Cook, Fruit, Vata
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It’s a Rose-Mary Citrus Party

Rose-Mary Citrus Platter

Citrus season is in full swing in California. Local markets are filled with an abundant array of varietals, from juicy tangelos—don’t you just love the ring of it? To sweet ruby reds and blood colored oranges. On a cold winter’s day, walking through the citrus aisle warms the heart like a gorgeous sunset. The vibrant colors and invigorating scents activate the sluggish winter mind, while their sour taste activates digestion.

As energizing as citrus fruits are, they are also heavy. All that juicy goodness, may be hydrating, but water can be weighing. Lucky for us, Mother Nature provides a little balance through the bitter pith and membranes. Bitter, one of the six taste in Ayurveda, is naturally detoxifying. In eating citrus with the membranes retained, the intended balanced nutrients are received—sweet with a little sour and bitter. In comparison to citrus juice, which can reduce fiber content and the bitter, detoxifying element. Juice also increases the serving portion from one piece of fruit to perhaps three or four. Something to consider, when sugar intake is of concern. Citrus fruits also warm the body internally. This along with their colors, scents and tastes makes citrus vata pacifying. In other words, purrrfect for the winter season!

An array of citrusFruit, per the ancient wisdom of Ayurveda is recommended to be eaten alone—as a snack between meals. This is due to it’s short digestion period, about an hour. Digestion, being the central focus related to most everything in Ayurveda, determines many of it’s recommendations. Including defining healthy based on the individual’s ability to digest. Fruit, is healthy. The quantity, the quality, when and how digestible it is for an individual—is when healthy becomes questionable. In general, eating seasonal fruit in moderation between meals is a healthier choice.

Sometimes eating citrus requires a little more effort than opting for a banana, an apple or even a cookie. The thought of having to peel, cut, or even get juiced-on, can make an orange or grapefruit a less appealing and a little more time consuming choice. I’ve found keeping a plate of sliced citrus lingering around as a nice way to get my dose of vitamin c. When fruit is ready for my fingers to grab, they tend to be more tempted. It also just looks pretty, especially on those winter days where you need to create your own sunshine.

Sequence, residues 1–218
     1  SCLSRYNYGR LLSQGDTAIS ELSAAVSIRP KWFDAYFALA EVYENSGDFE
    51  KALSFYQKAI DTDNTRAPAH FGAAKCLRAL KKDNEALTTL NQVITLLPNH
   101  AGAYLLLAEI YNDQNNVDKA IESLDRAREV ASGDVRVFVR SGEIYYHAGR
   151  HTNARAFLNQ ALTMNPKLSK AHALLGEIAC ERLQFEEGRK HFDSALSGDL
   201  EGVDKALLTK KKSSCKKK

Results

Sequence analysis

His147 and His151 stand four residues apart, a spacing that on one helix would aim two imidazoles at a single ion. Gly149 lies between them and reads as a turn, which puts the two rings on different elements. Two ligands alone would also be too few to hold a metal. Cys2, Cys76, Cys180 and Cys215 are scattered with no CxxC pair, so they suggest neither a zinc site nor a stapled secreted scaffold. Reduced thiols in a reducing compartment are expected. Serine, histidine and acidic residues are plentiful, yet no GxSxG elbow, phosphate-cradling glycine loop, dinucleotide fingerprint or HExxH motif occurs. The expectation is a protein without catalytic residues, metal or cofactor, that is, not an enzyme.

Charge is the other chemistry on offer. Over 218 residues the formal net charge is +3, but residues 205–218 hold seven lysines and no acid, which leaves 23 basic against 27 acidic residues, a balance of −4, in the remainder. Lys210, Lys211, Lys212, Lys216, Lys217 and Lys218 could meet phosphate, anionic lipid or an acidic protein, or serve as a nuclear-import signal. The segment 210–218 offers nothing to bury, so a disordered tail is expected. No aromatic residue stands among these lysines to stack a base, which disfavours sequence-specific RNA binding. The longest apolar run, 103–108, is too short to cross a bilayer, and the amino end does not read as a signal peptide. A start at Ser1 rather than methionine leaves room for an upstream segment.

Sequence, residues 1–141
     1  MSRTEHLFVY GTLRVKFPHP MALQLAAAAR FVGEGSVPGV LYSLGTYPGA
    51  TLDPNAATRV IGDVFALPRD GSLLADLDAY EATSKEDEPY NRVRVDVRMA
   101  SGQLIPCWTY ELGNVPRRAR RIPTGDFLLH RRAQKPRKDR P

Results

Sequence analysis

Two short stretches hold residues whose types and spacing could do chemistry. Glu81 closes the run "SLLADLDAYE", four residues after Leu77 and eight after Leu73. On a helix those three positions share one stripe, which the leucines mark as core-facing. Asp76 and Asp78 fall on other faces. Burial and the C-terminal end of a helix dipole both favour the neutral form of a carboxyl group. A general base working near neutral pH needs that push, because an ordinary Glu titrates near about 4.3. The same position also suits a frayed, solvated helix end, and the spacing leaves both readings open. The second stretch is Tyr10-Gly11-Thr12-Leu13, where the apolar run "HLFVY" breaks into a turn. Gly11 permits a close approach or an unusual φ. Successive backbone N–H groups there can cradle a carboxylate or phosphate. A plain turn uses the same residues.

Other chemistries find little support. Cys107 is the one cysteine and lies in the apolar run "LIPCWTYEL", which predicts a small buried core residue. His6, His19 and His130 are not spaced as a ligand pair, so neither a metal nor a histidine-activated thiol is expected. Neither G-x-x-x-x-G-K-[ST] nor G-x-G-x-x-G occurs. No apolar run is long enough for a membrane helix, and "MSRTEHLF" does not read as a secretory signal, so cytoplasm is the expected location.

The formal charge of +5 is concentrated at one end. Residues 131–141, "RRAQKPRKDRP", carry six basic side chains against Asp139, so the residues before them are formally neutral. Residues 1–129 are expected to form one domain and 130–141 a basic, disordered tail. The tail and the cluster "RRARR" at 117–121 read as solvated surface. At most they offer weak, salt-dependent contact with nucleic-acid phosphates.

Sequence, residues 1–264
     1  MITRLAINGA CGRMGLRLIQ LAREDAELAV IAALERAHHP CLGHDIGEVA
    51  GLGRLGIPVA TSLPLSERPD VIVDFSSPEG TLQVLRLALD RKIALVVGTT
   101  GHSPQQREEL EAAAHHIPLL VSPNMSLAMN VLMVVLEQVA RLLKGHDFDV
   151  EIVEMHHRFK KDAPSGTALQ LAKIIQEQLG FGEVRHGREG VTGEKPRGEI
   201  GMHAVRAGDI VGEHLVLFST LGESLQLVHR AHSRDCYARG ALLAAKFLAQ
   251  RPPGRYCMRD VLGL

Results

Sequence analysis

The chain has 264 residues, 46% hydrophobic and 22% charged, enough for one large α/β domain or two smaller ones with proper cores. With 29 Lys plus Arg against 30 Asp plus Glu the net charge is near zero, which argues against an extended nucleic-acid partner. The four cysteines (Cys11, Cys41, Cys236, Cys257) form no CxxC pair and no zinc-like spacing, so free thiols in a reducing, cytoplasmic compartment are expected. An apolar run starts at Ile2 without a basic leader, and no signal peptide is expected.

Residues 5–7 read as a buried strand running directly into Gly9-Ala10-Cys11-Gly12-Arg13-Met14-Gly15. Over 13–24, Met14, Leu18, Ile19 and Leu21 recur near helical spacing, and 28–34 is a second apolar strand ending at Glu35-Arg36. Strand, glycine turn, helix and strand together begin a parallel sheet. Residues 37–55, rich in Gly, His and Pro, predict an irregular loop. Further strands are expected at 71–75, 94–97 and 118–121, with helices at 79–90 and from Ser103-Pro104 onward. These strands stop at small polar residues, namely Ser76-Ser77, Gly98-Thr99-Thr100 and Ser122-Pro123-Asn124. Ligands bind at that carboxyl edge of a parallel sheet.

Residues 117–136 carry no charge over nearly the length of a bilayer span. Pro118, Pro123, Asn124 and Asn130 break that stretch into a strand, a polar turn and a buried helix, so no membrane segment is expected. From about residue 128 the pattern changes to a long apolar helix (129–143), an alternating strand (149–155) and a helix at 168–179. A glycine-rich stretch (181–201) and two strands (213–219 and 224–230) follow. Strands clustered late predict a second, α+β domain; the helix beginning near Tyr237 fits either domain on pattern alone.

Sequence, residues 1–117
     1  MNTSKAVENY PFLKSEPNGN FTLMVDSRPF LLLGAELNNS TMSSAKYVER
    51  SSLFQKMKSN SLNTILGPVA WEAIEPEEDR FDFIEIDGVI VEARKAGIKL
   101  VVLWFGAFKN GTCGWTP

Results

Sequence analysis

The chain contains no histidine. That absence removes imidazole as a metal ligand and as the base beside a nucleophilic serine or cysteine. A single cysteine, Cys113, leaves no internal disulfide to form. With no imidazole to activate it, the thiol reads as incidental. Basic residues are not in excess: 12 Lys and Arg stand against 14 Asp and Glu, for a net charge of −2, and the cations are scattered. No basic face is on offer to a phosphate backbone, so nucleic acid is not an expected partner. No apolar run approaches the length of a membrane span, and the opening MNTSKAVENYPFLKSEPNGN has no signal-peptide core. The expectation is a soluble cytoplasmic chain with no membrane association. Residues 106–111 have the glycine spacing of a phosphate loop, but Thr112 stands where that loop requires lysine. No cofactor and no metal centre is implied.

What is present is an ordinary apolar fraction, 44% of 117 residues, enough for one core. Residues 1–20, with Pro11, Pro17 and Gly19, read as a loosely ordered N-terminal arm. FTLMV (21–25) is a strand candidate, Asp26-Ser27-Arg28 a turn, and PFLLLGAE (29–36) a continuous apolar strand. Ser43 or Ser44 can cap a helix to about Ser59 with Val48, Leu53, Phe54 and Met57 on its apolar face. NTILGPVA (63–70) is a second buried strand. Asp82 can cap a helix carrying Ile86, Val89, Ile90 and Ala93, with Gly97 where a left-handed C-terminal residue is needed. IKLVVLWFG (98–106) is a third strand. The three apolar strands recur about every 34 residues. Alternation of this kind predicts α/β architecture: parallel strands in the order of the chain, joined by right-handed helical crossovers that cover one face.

Rose-Mary Citrus PlatterIn Ayurveda, they say physical digestion begins prior to the first bite. Pleasing the eyes and nose starts the flow of digestive enzymes. Have you noticed feeling hungry after seeing and smelling something delicious? This is digestion being ignited—mentally and physically, the body is ready to receive. Enticing the sense of sight and smell are integral to Ayurvedic cooking. Vibrant colors and alluring aromas are like another set of ingredients and considered part of the final dish.

With this in mind, I was inspired to create a platter of citrus for snack time. Something that was quick, easy and had a little something, something for a little ooo-la-la! Including clean-up, it took less than 15 minutes to slice sun-rings, half-moons and golden triangles. Then arrange them on the plate with a little spice for a touch of the extraordinary. I am a sucker for presentation and spice! And so were my friends who left with their fingers scented with a little citrus therapy. Who says cooking (or arranging in this case) with intention has to be complicated?! Happy eating, happy digesting.

Rose-Mary Citrus Deliciousness—Sunshine on a Plate

  • Servings: 4-8
  • Difficulty: easy

Dosha: VPK  Season: Winter  Tastes:  Sweet, Sour Salty, Pungent, Astringent, Bitter  What you need: a knife

Ingredients

  • An array of citrus (I used cara cara, navel and blood oranges, tangelos, ruby red and melogold grapefruits)
  • sprinkle of rosewater
  • 1/8 tsp finely chopped or ground rosemary
  • dash of mineral rich salt
  • finely ground fresh pepper

Directions

  1. Slice citrus in rings, half rings and quarter rings and remove any seeds. If you are using tangerines, cut them in half or quarters. Save the ends if you want to dehydrate the peel, its great for desserts or for herbal teas (see below)
  2. Arrange on a plate or platter and layer slices on top of each other—alternate the colors for a little shading effect.
  3. Sprinkle a touch of rose or orange blossom water (a little goes a long way). You can either pour a little in your hand or into a teaspoon to help spread it across the plate
  4. Dust the remaining ingredients and serve.

Alternative toppings: a sprinkle of ginger powder and/or drizzle of your favorite honey.

Notes: I saved the ends of my oranges and grapefruits to dehydrate them for teas.  It’s really simple, but it does take some time. I sliced them up a bit and put them in 200F oven for about 3 hours on a cookie sheet. Then stored them in an airtight container.

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